In addition to the data and methods already defined in the IRecord interface 330, the concrete class 332 provides additional get and set methods for each property associated with the database for a specific application. Definitions of the application-specific get and set operations are automatically generated by the runtime metadata generator 310 based on the metadata file 312.

In one example implementation, where the specific application is used to manage Task data records, an instance 354 of a concrete class 332 represents a task record (“TaskRecord”), and may contain the following properties, for example: Title, Start Date, Due Date. In this case, the following methods corresponding to these properties and used to operate on a TaskRecord object may be made available by the runtime metadata generator 310:

TABLE 2
TaskRecord Operations
Operation Method
Set SetTitle(in WCHAR)
SetStartDate(in FileTime)
SetEndDate(in FileTime)
Get GetTitle(out WCHAR)
GetStartDate(out FileTime)
GetEndDate(out FileTime)

A more detailed example of code for a concrete class 332 can be found in Appendix H (TaskRecordlmpl.h) in respect of one example implementation.

Since the generic record interface 330 is defined at an abstract level, an application will not be able to instantiate an object of this class, but can instantiate only a concrete class 332 (e.g. TaskRecord). However, in certain situations, it may be desirable to provide a RecordFactory class 334 that uses the generic record interface 330 and provides a method to create objects of a certain type, such that applications need not be given access to the concrete class 332:

TABLE 3
RecordFactory operations
Operation Method Remarks
Object Creation CreateRecord(in ClassId, Given the type of the record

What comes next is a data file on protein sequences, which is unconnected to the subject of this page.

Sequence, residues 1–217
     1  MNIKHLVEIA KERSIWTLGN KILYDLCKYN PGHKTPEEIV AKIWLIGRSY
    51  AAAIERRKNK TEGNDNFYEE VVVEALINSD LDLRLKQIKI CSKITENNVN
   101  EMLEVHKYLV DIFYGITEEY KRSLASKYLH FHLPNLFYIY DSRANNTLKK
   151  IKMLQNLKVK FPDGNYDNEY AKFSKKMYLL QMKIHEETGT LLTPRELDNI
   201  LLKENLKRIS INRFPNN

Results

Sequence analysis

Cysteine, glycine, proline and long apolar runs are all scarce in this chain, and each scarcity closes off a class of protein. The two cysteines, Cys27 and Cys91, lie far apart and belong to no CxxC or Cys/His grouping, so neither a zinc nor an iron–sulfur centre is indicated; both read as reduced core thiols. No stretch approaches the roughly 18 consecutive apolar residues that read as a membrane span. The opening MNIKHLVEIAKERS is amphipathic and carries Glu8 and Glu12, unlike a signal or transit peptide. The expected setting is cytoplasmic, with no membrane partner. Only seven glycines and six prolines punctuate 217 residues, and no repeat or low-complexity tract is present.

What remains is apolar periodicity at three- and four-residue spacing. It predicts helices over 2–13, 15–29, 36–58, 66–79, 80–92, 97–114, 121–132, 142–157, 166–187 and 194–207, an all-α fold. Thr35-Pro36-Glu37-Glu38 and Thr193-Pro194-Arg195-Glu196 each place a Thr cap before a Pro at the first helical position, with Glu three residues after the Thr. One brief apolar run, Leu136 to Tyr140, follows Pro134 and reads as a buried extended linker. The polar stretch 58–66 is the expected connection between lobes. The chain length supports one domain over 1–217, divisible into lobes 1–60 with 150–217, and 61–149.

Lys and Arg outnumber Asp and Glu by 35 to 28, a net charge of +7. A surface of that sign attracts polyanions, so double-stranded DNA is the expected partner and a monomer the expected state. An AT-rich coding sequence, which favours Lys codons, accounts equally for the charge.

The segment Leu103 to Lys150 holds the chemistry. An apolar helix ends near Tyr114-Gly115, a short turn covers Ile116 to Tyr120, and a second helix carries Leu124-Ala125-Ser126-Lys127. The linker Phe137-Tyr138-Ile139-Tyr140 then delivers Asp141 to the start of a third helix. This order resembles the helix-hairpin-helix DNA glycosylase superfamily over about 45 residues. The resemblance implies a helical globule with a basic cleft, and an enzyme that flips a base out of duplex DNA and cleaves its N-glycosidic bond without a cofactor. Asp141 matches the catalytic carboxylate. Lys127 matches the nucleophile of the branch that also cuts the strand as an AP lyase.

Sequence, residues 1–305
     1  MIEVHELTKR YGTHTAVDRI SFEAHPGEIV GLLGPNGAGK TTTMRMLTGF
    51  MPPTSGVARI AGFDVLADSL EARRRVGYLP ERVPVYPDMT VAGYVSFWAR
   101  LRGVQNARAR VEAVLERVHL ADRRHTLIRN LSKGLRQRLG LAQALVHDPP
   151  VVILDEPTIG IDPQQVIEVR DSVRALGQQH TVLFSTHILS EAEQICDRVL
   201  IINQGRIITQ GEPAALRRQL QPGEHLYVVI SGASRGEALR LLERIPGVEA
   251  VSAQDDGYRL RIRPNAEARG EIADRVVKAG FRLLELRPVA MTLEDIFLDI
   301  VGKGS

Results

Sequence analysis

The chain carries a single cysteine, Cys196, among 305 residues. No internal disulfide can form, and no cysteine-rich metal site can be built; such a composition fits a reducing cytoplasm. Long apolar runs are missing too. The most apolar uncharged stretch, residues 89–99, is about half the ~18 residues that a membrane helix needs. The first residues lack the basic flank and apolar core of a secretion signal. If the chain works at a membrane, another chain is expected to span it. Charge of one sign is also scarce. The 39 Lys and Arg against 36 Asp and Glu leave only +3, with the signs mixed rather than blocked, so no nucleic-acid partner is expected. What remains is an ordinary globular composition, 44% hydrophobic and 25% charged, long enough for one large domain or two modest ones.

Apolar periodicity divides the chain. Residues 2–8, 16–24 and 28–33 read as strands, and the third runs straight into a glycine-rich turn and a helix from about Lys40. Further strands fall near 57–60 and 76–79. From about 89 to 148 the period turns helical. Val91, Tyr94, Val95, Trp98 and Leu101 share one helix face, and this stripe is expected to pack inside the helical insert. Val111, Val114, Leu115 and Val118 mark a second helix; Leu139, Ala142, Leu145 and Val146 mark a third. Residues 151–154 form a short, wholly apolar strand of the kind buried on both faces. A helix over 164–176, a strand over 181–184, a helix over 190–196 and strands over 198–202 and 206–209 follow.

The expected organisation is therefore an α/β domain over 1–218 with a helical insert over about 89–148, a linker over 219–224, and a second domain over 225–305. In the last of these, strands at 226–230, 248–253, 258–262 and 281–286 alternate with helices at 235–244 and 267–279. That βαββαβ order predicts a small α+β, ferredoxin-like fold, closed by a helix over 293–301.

out IRecord) (e.g., Task) it will create the
object of the corresponding
concrete class.

More specifically, RecordFactory class 334 may be used to create the data records 354, which are instances of concrete classes 332. A caller of the CreateRecord method of RecordFactory does not need to know which concrete class 332 is being instantiated, as long as the type of the data record is specified. In accordance with exemplary embodiments described herein, a reference to a classID object 350 as input to the method, and the type of the data record can be determined from the classID object 350.

In operation, all source code files including the concrete classes 332 and the initialization code (320, 322) for the classID and propertyID objects are compiled, and the compiled initialization code is executed to establish the runtime metadata environment. Applications of different layers may then use the generated runtime metadata, embodied in the generated classID and propertyID objects (350, 352), to perform various functions.

It will be understood that program source code is typically organized in different application layers, such that the code inside the same application layer is cohesive. The code in different application layers is typically decoupled as much as possible. When reference is made to a layer of an application using runtime metadata embodied in the generated classID and propertyID objects (350, 352), this generally means that the source code inside the application layer calls the methods defined by those objects.

For example: